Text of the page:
While the American flag’s foundation was laid during the American Revolutionary War, the country’s growth, vague laws, and new precedents allowed the flag to evolve along with the country.
During the American Revolutionary War, the American Flag’s symbolism translated well to an attractive flag design. Thirteen states were represented by 13 stars and 13 stripes. But things became complicated by the additions of Vermont and Kentucky in 1791 and 1792, respectively. The question became “Do we add the new states to the flag or should the flag honor the original 13 colonies?” The flag would remain as the 13 stars and stripes variant for another two years until President George Washington signed the Flag Act of 1794. Not only did this act add two more stars to the flag but two more stripes as well, making it the only U.S. flag with more than 13 stripes. This is also the variant of the flag that flew over Fort McHenry and inspired Francis Scott Key to write the Star Spangled Banner.
Even though Tennessee became a state two years after the Flag Act of 1794, it would be another 23 years before the flag would change again. In fact, five states would be added to the union (Tennessee, Ohio, Louisiana, Indiana, and Mississippi) before President James Monroe approved the Flag Act of 1818. This particular act set the most refined standards for the flag to date, stating that there would only be 13 stripes to honor the original colonies and that new states would be represented by a new star added on the July 4 following the state’s admission to the union.
This new standard meant that new U.S. flag designs were coming out almost every year for nearly a century to represent the new states added to the growing nation. However, there were still problems. Those of you who have read our post on the First Stars and Stripes and the myth of Betsy Ross know that the Flag Act of 1777 set no standards for the arrangement of the stars and stripes on the flag, leaving the design completely up to the flag maker. Surprisingly, this was still the case at the beginning of the 20th century. Stars on U.S. flag variants existed in various shapes, including circles, stars, and diamonds. You can even find some flags that have seven white stripes and six red stripes (instead of the traditional seven red and six white). This was finally changed in 1912 when President William Howard Taft signed an executive order declaring an official design for the newest flag representing 48 states: “six horizontal rows of eight each, a single point of each star to be upward.” Taft’s order also set the official ratio of the flag to 10:19, a somewhat unique national flag ratio shared only by Libya, Marshall Islands, and Micronesia.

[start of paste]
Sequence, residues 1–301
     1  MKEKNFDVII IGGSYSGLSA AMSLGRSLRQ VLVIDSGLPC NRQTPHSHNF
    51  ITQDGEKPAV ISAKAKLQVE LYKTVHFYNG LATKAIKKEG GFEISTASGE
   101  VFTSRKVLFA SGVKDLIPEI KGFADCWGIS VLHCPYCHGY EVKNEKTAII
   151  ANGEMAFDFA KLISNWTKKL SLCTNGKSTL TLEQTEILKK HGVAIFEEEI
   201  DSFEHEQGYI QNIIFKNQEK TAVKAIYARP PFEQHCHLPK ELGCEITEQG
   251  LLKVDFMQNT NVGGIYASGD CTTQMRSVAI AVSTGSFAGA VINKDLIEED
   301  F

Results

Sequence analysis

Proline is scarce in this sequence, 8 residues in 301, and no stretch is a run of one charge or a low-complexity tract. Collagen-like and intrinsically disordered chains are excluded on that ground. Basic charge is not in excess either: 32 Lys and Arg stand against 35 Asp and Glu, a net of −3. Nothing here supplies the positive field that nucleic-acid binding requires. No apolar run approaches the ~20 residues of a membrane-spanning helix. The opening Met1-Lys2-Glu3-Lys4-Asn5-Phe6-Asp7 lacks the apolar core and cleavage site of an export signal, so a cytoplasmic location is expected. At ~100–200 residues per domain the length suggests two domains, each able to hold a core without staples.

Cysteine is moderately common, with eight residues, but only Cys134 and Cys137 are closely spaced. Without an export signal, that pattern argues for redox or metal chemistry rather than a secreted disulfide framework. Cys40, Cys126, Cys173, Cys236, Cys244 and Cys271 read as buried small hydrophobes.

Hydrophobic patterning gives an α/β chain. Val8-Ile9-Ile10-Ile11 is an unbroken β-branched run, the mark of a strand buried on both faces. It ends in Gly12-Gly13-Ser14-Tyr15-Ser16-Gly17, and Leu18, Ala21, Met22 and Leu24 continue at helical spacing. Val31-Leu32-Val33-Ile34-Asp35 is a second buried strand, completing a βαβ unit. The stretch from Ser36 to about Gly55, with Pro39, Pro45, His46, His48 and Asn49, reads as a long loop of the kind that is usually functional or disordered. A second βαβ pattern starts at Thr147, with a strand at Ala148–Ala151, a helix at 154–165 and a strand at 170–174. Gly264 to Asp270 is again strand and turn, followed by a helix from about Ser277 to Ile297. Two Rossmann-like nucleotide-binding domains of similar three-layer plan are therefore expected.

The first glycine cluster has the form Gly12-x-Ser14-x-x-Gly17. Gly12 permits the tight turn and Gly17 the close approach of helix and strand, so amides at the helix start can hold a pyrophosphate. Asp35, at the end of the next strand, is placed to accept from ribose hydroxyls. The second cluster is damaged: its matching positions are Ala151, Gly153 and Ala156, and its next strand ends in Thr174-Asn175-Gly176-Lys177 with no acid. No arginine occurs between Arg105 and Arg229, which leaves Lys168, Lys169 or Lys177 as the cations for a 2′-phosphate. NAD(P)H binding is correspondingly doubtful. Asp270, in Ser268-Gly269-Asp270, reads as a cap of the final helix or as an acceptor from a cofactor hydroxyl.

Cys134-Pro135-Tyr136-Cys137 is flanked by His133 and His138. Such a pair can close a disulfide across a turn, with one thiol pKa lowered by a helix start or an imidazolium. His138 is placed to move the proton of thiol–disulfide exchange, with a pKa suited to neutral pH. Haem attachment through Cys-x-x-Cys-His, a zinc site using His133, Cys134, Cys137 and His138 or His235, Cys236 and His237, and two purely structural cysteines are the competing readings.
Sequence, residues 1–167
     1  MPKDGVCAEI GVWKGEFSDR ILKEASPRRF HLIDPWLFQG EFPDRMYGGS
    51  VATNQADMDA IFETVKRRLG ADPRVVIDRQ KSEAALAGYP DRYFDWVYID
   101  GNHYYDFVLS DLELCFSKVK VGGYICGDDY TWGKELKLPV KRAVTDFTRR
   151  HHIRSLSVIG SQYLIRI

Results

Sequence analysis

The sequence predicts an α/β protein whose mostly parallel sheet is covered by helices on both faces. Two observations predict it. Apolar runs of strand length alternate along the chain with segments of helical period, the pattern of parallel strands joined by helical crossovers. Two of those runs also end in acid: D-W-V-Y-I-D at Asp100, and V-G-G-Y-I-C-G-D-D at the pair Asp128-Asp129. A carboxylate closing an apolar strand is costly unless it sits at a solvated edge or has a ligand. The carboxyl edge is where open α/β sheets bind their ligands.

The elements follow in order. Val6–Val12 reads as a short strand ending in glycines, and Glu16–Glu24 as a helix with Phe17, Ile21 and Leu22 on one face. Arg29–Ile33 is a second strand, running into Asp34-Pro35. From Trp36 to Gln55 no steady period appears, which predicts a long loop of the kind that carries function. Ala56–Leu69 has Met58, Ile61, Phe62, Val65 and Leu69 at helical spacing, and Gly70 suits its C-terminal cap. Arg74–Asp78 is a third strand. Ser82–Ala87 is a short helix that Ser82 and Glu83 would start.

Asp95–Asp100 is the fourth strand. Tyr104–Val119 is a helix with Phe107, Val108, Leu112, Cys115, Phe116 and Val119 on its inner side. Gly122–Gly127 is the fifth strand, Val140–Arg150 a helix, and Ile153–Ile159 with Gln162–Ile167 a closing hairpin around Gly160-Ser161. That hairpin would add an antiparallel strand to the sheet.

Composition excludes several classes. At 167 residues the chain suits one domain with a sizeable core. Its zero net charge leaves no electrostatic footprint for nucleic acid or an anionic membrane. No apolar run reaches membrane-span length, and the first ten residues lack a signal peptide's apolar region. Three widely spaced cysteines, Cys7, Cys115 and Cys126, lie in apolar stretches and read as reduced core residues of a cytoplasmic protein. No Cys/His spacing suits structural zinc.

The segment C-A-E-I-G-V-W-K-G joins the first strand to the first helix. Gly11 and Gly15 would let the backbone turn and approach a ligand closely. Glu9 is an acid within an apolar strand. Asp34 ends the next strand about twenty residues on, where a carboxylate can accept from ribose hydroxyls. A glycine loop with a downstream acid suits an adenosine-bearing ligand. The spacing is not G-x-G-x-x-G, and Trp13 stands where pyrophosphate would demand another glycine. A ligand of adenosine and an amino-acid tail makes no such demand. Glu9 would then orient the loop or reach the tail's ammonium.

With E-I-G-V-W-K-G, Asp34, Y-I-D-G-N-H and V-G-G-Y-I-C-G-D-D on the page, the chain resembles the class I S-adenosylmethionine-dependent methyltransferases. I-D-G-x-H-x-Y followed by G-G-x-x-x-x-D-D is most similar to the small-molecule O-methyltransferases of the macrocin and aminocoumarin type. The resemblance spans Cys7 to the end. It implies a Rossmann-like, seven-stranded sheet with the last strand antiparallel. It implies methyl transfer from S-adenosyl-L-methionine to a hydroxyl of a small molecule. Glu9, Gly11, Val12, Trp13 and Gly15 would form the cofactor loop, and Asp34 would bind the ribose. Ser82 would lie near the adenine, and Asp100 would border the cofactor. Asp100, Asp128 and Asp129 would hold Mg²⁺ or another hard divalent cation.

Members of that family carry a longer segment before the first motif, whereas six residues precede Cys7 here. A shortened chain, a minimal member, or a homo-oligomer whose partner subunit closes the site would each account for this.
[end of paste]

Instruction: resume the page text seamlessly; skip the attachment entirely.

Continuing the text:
The last two changes to the U.S. Flag were both approved in 1959 by President Dwight D. Eisenhower. The first Executive Order on January 3 standardized the design representing 49 states: seven rows of seven stars staggered horizontally and vertically. The last Executive Order on August 21 of that same year would create the current design representing 50 states: nine rows of stars staggered horizontally and eleven columns of stars staggered vertically. However, this design wouldn’t become official until July 4, 1960. The 50 star design is the longest running U.S. flag variant (55 years at the time of publishing).
If you’re a regular FunFlagFact.com reader, you’ve probably noticed one fact missing that we usually cover with most national flags – what do the colors mean? No significance was ever ascribed to the colors of the Grand Union flag or the flag created under the Flag Act of 1777, so we can’t say for certain what the original creators had in mind. However, we can infer a few possible reasons why red, white, and blue were chosen. One is that the Grand Union flag was made before the colonies had declared independence and was designed to show the colonies’ allegiance to Great Britain, whose colors are red, white, and blue. Another reason is the availability of fabrics. As we said in the Grand Union flag post, the flag could have been easily made by putting un-dyed strips of fabric on a British red ensign.
However, the colors are given meaning for the Great Seal of the United States.
“The colors of the pales (the vertical stripes) are those used in the flag of the United States of America; White signifies purity and innocence, Red, hardiness & valour, and Blue, the color of the Chief (the broad band above the stripes) signifies vigilance, perseverance & justice.” – Charles Thompson, Secretary of the Continental Congress, 1782